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Friday, April 25, 2008

FL - It's Not Called the Hate Amendment for Nothing

Wow. At first glance, that's all I can say about the comments from Pastor Hayes Wicker of Naples, Florida. Here's what he said at an anti-gay event last week:

This is a tremendous social crisis, greater even than the issue of slavery.


For those who don't know, fundamentalist right-wingers in Florida are attempting to pass a constitutional amendment in Florida this year that would ban gay marriage in the Sunshine State. The same gay marriage that is already illegal under four separate parts of state law. And this amendment wouldn't just ban gay marriage, it would also prevent civil unions, cities and corporations from offering benefits to gay couples and anyone from giving benefits to unmarried straight couples. But let's leave aside the practical implications of the proposed gay marriage ban in question, I've talked about that in the past and I'll come back to it over and over again throughout the year, let's look at the hate ingrained in this particular phrase.

This is a tremendous social crisis, greater even than the issue of slavery.

Keep in mind, this isn't about banning gay marriage. Gay marriage is already banned in Florida under four different laws. What this nutjob is actually saying is that the fact that they haven't yet enshrined hatred in the Florida Constitution, despite not one single legal gay marriage ever taking place in Florida, is not only a "tremendous social crisis," but one greater than slavery. That shows an astounding amount of hatred not only for gay people, but for African Americans as well.

Let's take a quick look at the history of slavery and its outgrowths in American history:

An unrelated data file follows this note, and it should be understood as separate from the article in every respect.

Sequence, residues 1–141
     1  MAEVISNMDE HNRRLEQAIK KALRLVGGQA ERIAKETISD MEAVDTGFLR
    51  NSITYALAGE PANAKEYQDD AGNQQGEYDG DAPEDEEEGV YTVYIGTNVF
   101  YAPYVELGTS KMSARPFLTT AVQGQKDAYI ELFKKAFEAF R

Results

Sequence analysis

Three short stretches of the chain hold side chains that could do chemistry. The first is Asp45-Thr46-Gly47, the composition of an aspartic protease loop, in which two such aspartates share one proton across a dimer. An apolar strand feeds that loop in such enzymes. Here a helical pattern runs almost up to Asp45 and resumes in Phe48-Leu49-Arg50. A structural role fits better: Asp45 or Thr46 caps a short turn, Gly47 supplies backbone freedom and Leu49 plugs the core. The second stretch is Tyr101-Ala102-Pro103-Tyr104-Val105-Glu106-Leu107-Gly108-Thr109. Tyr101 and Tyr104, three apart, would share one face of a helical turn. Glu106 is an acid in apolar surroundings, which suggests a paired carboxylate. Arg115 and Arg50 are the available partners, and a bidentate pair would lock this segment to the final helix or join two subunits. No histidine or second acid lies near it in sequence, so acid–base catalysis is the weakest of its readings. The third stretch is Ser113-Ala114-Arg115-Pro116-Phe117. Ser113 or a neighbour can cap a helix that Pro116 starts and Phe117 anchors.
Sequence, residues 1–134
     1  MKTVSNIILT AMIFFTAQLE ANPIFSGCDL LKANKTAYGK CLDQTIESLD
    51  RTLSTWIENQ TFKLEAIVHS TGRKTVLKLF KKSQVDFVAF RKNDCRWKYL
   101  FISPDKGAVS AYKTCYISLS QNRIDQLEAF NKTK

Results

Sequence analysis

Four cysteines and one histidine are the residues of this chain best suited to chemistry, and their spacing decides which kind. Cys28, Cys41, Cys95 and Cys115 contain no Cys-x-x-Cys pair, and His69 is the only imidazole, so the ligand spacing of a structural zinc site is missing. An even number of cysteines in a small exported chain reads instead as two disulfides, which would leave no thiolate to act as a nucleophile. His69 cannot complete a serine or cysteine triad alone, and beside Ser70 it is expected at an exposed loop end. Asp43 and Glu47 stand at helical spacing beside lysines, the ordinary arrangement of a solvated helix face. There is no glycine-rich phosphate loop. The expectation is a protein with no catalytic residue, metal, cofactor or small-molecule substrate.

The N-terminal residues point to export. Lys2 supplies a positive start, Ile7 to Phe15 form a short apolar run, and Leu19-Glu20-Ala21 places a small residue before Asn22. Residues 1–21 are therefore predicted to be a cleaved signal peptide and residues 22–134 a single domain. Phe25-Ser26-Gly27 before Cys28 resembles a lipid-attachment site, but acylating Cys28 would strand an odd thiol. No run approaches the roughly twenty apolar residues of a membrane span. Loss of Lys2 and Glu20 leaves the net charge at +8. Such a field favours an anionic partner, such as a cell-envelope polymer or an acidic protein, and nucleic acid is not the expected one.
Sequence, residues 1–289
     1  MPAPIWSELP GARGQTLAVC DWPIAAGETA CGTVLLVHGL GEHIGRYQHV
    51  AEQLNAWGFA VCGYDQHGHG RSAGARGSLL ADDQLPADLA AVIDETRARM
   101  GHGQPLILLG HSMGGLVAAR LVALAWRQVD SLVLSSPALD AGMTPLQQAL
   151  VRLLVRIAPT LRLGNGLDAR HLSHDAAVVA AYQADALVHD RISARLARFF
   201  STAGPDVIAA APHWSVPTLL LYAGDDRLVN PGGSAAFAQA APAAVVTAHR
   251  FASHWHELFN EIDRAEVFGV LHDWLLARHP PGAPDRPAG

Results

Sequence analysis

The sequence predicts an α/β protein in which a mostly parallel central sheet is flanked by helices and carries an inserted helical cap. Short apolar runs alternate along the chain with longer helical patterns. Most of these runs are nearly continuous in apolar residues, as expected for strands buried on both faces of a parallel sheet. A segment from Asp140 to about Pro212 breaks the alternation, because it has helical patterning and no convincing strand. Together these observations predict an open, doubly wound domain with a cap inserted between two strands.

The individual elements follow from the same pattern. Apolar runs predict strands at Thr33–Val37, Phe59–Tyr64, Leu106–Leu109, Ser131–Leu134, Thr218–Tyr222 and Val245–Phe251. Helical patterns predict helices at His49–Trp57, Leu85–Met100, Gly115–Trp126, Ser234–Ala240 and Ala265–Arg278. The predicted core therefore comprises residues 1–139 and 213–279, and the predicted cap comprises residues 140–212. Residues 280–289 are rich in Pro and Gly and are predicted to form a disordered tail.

• Slavery caused approximately 30 million people to be ripped out of their homes, families and lives
  • Slavery included the horrible conditions of the Middle Passage, where the cramped, diseased and abusive conditions led to the deaths of as many as 15 million people
  • Slavery in America was hundreds of years of the near total subjugation of an entire class of people
  • Slavery involved the beating, flogging, raping, and murder of millions of people
  • Slavery tore apart families, kept people illiterate, and kept most in abject poverty
  • Slavery nearly destroyed the United States
  • Slavery led to the death of one of America's greatest presidents
  • Slavery transformed into sharecropping, tenant farming and the prison-lease system, which combined to keep most African Americans in virtual slavery through the beginning of the twentieth century
  • Slavery laid the groundwork for Jim Crow, lynching, a corrupt justice system, assassination and the long-term economic deprivation of African Americans long past the end of slavery

Now, for comparison's sake, let's take a quick look at the history of no gay marriages in Florida and the fact that the ban on gay marriage isn't in the Florida constitution:

  • Gay marriage ripped no one out of their home, family or life
  • Gay marriage included no Middle Passage
  • Gay marriage killed no one
  • Gay marriage led to the subjugation of no one